close-up of colophon page, margins cropped

Articles of
Light & Elation

frontispiece illustration by Auguste Rodin

by Gustaf Sobin

ISBN 0-932274-54-4
first edition 1998
62 PAGES. 8¾" x 6¾"

Signed/Limited edition

Limitation: fifty numbered copies signed by the poet and 26 lettered copies signed by the poet.
Endleaf, 2 blank leaves, 1 leaf, halftitle, l leaf, photographic print, 16 pps., 2 blank leaves, endleaf.
Letterpress printing on Mohawk Superfine by Eric Holub at the Hillside Press in San Franicsco, California.
Composed in Linotype Elzevir by Bruce Washbish at the Anchor & Acorn Press in Petaluma, California. Designed by Jeffrey Miller and Bruce Washbish.
Handbound in gold stamped Mohawk Superfine covers. Glassine wrapper. Top edges gilt.
Illustration: August Rodin's "Salambö" tipped-in opposite title page. Hand binding by James Tapley, James Tapley, Hand Bookbinder, in Sarasota, Florida.

Note: the sheets and illustration for this book were lost in transit between publisher and binder for several years and were only located last year.

1 of 50 signed edition


1of 26 lettered and signed edition


Trade edition


62 PAGES. 8¾" x 6¾"

In Articles of Light & Elation Gustaf Sobin has accomplished that rarest of things in American poetry: a successful cycle of erotic love poems on the scale of those written by e e cummings and Kenneth Rexroth.

Gustaf Sobin is the author of six volumes of poetry: Wind Chrysalid's Rattle; The Earth as Air; Voyaging Portraits; Breaths' Burial and Towards the Blanched Alphabets. He has also written two novels: Venus Blue and Dark Mirrors, as well as a collection of essays, Luminous Debris: Reading Archeological Vestige in Provence and Languedoc.

An American expatriate who lived in Provence for almost forty years and who died in 2005, Sobin, after having served a poetic apprenticeship with René Char, came to elaborate a vision entirely of his own. Within that vision “the boundaries between self and other,” as one commentator has put it, “seems to dissipate into a voice suddenly overwhelmed by the available sounds of speech.” Articles of Light & Elation might well be read as celebration of that speech.

About the Book

One of the few successful extended sequences of poems about an erotic relationship written in English in this century. There are individual love poems all over the literary Landscape, but there's nothing that reaches the sustained height of romantic discourse found in Articles of Light Elation.

One thinks only of Ford Madox Ford's Buckshee, or Berryman's Sonnets. But there's nothing that reaches the sustained height of romantic discourse found in these pages.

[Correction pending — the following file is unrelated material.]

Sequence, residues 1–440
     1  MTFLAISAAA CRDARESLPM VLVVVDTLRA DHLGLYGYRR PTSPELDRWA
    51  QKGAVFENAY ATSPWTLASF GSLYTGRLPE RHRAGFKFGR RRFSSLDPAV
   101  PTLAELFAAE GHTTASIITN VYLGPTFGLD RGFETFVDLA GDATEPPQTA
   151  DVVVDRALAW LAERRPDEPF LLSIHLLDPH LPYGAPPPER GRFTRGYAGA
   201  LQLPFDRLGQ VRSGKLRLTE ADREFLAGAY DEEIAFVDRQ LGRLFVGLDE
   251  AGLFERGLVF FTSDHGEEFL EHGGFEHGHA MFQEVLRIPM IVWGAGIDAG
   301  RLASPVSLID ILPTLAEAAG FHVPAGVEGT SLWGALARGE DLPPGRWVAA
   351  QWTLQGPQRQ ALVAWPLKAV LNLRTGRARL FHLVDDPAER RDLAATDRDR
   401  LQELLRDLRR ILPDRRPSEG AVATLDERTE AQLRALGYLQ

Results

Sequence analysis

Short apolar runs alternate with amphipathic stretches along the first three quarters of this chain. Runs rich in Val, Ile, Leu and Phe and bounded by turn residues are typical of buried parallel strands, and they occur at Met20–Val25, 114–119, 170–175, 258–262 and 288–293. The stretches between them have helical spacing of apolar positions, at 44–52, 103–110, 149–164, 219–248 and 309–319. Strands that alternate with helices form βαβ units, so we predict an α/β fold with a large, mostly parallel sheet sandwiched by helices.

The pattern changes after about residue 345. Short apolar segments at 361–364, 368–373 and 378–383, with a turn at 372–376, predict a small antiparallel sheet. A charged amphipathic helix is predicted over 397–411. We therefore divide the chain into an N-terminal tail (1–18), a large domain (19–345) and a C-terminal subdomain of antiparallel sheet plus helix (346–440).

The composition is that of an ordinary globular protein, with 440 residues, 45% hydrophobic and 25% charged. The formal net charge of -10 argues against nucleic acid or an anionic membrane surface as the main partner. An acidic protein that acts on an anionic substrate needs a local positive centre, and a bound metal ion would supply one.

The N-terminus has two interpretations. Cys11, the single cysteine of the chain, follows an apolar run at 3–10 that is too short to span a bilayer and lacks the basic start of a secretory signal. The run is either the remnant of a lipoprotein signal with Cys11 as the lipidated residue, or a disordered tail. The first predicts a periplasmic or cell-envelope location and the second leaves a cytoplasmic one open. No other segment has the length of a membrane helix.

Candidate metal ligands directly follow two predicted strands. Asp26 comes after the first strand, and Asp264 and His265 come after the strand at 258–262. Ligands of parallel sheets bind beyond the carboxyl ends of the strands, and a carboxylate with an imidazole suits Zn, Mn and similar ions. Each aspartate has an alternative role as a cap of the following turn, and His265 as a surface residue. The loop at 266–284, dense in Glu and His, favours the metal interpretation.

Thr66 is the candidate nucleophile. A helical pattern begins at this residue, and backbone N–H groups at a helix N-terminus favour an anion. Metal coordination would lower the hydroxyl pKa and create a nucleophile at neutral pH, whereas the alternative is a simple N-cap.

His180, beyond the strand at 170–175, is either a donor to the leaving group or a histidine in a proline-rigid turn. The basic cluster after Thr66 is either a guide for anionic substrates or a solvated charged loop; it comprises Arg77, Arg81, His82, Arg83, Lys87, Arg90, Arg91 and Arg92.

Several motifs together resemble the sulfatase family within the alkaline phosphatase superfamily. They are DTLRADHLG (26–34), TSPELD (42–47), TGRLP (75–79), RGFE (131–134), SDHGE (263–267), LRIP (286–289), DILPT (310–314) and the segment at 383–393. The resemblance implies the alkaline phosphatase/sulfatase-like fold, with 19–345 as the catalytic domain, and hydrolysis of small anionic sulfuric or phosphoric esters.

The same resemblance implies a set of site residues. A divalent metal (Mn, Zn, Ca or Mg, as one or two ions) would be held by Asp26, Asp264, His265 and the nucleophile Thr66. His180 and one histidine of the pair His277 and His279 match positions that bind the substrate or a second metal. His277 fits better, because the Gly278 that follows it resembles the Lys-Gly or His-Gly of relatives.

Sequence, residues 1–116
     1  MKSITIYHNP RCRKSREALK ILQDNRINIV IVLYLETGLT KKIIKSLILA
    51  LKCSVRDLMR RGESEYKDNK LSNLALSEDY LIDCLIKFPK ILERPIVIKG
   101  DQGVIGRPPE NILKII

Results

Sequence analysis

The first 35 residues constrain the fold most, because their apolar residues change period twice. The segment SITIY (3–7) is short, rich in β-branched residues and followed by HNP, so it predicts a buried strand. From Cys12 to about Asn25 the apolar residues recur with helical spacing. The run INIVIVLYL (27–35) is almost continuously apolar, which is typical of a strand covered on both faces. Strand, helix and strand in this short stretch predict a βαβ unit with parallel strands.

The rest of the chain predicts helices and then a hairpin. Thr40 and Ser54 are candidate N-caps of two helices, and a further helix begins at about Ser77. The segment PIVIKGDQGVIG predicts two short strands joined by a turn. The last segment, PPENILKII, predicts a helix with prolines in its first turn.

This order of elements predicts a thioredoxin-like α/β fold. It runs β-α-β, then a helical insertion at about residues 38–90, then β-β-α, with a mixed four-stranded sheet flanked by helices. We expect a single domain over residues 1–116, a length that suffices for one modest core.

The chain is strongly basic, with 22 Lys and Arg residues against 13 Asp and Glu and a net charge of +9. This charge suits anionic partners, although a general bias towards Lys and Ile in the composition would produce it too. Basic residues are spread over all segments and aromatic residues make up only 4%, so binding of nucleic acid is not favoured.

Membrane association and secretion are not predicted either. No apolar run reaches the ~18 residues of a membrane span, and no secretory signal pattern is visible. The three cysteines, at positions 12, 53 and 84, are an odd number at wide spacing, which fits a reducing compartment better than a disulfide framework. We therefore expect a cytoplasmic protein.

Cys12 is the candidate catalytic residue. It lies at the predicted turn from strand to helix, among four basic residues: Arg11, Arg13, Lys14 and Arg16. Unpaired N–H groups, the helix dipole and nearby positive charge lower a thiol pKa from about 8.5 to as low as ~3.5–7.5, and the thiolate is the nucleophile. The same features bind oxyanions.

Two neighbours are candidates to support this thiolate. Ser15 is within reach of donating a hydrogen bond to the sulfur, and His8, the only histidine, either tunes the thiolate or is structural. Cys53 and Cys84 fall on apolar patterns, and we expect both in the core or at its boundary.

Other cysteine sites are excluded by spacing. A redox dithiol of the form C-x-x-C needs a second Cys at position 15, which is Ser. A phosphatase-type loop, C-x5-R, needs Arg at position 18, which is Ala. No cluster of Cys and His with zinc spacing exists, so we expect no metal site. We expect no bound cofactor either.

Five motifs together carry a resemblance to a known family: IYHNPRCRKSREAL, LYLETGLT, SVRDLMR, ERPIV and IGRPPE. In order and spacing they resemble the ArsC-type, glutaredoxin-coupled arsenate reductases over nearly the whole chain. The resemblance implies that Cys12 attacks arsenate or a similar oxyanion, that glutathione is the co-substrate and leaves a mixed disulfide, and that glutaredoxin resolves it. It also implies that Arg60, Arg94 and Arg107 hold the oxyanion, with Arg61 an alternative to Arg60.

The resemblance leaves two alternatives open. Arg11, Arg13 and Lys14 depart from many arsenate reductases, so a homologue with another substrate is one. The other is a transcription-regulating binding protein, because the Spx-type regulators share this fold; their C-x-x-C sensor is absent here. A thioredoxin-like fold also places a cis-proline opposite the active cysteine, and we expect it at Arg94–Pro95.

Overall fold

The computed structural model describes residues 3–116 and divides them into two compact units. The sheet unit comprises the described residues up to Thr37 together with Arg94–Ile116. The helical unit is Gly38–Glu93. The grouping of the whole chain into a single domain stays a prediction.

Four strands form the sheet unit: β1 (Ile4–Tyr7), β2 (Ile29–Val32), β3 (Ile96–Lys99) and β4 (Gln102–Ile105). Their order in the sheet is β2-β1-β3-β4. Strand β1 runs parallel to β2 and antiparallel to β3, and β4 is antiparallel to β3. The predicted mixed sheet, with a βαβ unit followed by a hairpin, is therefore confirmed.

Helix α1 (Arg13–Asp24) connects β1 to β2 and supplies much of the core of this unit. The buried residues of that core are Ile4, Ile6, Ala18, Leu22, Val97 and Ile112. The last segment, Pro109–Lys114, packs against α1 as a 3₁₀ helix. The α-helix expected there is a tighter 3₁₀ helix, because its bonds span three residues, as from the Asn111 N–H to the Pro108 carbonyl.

Over the last few years Cadmus Editions has been issuing some of the finest productions in the small press world—small, distinctive Mandarin pleasures. Articles of Light & Elation is elegantly printed in 14 point Elzevir on now extinct Mohawk Letterpress, perfect bound in rust wrappers and covered with a printed, pictorial dust jacket.

— Lee Perron, Poet

Extract from letter: Michael O'Brien to Gustaf Sobin. Quoted with permission.

Thanks for your brave book, Articles of Light & Elation. It is astonishing, overwhelming; programatically meant to be overwhelming. It insists on presence, body, closeness, it won't take no for an answer. The poems sustain both deep struggle and an extraordinary elation. Or the poem sustains . . . for it seems one poem to me, in many stanzas, each finally, for all it distinctness, inseparable from the rush of the whole. And how right that stanzas are rooms, the poem moving from room to room, each room with two people in it. Its scale is right, it requires its length, its abundance, the unfolding of its detail, to make itself manifest. I can't think of anything harder to do, to make carry, to make present. The breathless ardor of it. The self as separate finally overwhelmed,

. . . a

nest ablaze in the breath's


I'd thought one couldn't surpass Eluard, but here you seem of his company, his extraordinary transparency, your massed yet vanishing particulars. It just builds and builds. I know nothing like it in English; it's as ardent as Hart Crane. And how you make your page work for you: the disposition of the words in each stanza enacting a descent, a going down into. I know no poems more deeply embodied. Or more joyous. The word “mysteries” inevitably makes me think of the rosary, its Joyful, Sorrowful, and Glorious Mysteries. What I always missed were the Physical Mysteries. Now there they are. How much these poems restore.

— Michael O'Brien

also by Gustaf Sobin Sicilian Miniatures